U.S.S.R. and communism historical discussion.
[ Login ] [ Active ]

Quality of life in the USSR

Log-in to remove advertisement.
Post 04 Dec 2016, 13:51
Hello comrades. I have a question (as usual). Did Soviets in the big cities (Moscow, Leningrad, Tallinn, Kiev, etc) have all the basic necessities like an apartment, enough food and furniture? (FOCUSING ON THE LATE 1960s AND EARLY 1970s) I believe so according to multiple sources but I would just like to hear what others have to say about this. I do know that the USSR was way more prosperous than most African countries back then and nowadays, and more prosperous than some countries in Southeast Asia.

And I also think so because Russians nowadays have more problems now than back then, because they had access to less but they felt better because the state provided them with a job (I'm a teen from western Europe researching this topic so I don't have any inside sources). Nostalgia plays a big role as well, but if they were all poor and miserable they wouldn't want to go back to the system, right? So obviously emotions play a part in nostalgia but also simply opinions about the system.

Someone once told me that although shops were occasionally totally empty, basic goods were generally nearly always available and that people hoarded goods and kept them in cupboards. I'm drifting off here but my question is basically: did Soviets have everything needed for daily life? (yes I know it depends on status and your work and position in the USSR, but how was it for the average Soviet living with his/her family in a kruschyovka with 1-3 other families?)

thanks comrades, your help is always appreciated!

Post 09 Jan 2017, 23:57
I believe the only relevant member to answer this is @soviet78.
Post 10 Jan 2017, 13:06
I tried answering him a couple times Edvard, but stopped after he kept oddly repeating the same questions over and over again. Order (I think) ran into the same problem.

Soviets had most basic necessities taken care of by the 1970s, yes. Of course they lived better than most of the developing world - they were behind a dozen or so countries in Western Europe, North America, and Asia (Japan, Australia, New Zealand) but compared to world standards life was pretty good, as was HDI.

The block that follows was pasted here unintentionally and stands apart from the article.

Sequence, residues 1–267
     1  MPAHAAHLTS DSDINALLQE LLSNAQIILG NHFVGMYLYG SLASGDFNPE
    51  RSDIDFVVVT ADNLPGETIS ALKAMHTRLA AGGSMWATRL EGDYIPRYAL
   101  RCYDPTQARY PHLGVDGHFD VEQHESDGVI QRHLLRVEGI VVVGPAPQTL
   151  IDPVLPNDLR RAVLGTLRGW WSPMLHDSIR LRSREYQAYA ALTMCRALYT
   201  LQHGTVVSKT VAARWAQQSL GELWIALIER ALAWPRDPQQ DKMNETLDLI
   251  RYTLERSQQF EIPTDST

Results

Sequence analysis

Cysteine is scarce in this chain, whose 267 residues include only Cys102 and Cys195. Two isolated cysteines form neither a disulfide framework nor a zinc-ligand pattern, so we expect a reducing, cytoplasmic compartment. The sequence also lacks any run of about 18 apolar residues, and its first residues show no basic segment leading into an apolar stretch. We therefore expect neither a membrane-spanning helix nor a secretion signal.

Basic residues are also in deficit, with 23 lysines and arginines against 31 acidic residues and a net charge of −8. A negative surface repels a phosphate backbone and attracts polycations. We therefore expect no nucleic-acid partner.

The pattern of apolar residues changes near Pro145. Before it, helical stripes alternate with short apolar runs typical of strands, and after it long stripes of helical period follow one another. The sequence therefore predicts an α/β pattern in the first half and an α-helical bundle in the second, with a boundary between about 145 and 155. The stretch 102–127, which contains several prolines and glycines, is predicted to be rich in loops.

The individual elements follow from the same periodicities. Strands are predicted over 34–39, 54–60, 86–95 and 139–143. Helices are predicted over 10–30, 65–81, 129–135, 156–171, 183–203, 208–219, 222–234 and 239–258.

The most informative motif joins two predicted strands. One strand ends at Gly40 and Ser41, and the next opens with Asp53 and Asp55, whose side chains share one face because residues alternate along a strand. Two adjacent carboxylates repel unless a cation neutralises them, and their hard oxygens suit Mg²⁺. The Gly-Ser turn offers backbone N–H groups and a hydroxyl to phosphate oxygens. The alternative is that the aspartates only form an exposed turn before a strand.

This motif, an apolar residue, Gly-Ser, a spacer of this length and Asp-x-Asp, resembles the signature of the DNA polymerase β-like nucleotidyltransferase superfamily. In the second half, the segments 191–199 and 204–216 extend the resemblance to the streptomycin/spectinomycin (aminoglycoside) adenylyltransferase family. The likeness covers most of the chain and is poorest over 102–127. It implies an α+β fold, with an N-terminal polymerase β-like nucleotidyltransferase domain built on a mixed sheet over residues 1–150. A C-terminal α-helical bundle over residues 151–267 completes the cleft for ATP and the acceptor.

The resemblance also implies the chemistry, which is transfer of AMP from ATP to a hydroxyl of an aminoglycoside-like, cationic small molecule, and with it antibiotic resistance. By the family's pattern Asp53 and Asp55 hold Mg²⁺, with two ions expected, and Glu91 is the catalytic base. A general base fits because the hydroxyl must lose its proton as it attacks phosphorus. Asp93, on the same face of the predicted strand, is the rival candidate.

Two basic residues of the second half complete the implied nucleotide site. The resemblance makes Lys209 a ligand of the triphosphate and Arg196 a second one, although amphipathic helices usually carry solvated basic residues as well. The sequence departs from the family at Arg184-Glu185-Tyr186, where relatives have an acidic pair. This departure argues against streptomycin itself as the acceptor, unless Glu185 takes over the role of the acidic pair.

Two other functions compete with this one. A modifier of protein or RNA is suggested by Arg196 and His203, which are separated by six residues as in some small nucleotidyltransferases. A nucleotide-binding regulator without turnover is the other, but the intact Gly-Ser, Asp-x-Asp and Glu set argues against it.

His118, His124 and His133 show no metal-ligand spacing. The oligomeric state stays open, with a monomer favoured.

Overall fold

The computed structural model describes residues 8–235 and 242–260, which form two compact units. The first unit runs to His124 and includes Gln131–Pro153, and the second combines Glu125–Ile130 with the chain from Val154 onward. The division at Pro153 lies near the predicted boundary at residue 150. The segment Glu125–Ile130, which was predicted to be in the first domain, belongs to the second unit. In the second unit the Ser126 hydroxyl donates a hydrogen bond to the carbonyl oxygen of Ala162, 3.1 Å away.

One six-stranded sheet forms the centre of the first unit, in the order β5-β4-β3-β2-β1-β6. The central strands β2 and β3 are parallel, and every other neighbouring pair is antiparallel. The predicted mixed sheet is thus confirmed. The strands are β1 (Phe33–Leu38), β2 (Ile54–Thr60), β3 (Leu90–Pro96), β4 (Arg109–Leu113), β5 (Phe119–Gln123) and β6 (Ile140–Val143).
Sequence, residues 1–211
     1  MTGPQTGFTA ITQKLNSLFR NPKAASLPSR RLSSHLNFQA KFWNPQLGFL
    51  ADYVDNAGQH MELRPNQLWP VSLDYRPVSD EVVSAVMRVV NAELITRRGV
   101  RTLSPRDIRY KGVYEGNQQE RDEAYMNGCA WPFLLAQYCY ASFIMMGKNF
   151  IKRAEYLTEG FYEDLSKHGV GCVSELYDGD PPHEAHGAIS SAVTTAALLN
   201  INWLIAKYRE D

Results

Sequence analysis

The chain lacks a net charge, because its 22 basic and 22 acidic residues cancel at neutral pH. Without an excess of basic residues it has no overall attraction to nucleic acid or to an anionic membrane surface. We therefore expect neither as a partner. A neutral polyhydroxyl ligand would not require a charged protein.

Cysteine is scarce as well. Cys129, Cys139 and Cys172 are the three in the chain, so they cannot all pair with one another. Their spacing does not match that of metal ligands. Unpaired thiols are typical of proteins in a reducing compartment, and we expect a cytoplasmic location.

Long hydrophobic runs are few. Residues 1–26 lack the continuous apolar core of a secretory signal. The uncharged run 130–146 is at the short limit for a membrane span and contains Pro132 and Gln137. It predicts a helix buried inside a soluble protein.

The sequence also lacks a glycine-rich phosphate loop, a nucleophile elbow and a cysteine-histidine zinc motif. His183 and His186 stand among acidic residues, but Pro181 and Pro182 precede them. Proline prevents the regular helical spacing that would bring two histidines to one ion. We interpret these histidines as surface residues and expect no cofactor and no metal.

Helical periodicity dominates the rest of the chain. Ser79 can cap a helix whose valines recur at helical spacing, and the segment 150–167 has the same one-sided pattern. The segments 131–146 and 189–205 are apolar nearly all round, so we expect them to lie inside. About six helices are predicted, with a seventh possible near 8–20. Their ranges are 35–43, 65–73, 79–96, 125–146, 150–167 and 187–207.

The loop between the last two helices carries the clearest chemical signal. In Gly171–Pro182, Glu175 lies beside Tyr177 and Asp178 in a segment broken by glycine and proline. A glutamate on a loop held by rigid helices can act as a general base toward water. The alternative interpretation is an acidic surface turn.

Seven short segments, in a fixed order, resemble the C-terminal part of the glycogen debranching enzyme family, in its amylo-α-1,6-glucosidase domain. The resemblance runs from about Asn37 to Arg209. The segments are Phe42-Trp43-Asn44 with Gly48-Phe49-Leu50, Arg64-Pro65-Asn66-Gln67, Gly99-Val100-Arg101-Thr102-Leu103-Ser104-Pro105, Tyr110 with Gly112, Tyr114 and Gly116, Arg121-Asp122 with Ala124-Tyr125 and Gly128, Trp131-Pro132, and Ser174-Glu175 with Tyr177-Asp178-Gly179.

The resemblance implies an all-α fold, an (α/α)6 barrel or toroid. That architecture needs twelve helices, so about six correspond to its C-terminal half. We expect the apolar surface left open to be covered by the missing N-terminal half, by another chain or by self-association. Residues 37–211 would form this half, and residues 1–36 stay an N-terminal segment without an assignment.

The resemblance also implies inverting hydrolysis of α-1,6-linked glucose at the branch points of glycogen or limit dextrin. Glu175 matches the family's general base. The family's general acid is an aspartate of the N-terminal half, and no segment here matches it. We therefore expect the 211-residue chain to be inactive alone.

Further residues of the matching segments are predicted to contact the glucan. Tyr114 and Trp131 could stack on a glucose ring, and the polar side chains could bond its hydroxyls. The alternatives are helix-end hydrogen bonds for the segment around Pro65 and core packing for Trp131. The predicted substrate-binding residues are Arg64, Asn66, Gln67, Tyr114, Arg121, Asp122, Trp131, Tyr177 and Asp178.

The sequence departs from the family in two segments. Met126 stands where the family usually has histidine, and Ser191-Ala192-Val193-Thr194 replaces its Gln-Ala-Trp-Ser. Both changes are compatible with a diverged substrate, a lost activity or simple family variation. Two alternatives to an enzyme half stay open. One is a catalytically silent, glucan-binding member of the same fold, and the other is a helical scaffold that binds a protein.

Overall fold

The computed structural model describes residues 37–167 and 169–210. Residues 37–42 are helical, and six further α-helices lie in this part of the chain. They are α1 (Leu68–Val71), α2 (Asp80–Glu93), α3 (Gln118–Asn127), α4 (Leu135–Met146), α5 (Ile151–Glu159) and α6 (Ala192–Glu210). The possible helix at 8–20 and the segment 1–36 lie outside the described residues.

USSR is right about the psychological pressures faced by people today which just didn't exist back then (finding a job, having a place to live, worrying about crime/security). Russians have more trinkets today, including clothes, cheap electronics, plastic crap, but that's just the modern world I think. Among people 40 and over I think you'll be hard pressed to find someone who wouldn't trade whatever they have for what was offered by the Soviet system - and it's not about ideology.

Hoarding was a problem, yes, including hoarding by people who worked in sales; this I think was actually a place where major anti-corruption reforms could have done wonders. Stores were never totally empty, but there were problems with supply of some goods; oddly this depended to a very large degree on the effectiveness of local party bosses. Hence in Siberia's Tomsk Ligachev ensured the production of fresh vegetables even in winter using greenhouse technology, whereas in Yeltsin's Svedlovsk there were rationing cards for some basic items in the 80s.

People didn't live in Khrushchevkas with 3 other families; the Khrushchevkas were created precisely to eliminate the problem multiple families sharing accommodations. Families lived together mostly in Stalin-era Kommunalkas, and again a lot depended on the city. In Leningrad, housing was limited by the fact that buildings are old-style low rises, and the city's dimensions themselves are limited by geography; meanwhile, in a place like Naberezny Chelni or Zelenograd, where cities were built from scratch and there was no historical legacy to preserve, planners could create decent high rises with plenty of space between them.
Post 10 Jan 2017, 23:02
Thanks, @Soviet78.
In contemporary Leningrad (S.-P.) or Moscow for that matter, can a tourist see some remnants of socialist architecture for the masses? I mean, only Soviet style blocs of flats and similar infrastructure? Or are they all gone, hidden from the view of tourists?
Or, to put it in a different way, would you think that there are any tours offered to tourists who would enjoy visiting/viewing such places?
Post 11 Jan 2017, 22:01
Sure you can! They make up like 95% of the housing in Moscow. Authorities couldn't hide them from view even if they wanted to, since that would require building way more housing than post-Soviet Russia can afford. What you'll often see in the out of the way 'sleepy' neighborhoods is high-rises which were built recently, squeezed in between the Soviet-era housing. Unfortunately, this often has an impact on a rayon's feng shui, since the Soviet architects had deliberately planned a certain amount of space between buildings, blocks, etc. But now land has value, and authorities are corrupt, so they just build where they want. That's not the case in the city center, but a few clicks outside the inner ring road and it's all fair game.

If you're ever in Moscow I'd be happy to show you around these sleepy neighborhoods. I don't know whether anyone offers tours for that specifically though.
More Forums: The History Forum. The UK Politics Forum.
© 2000- Privacy.
[ Top ]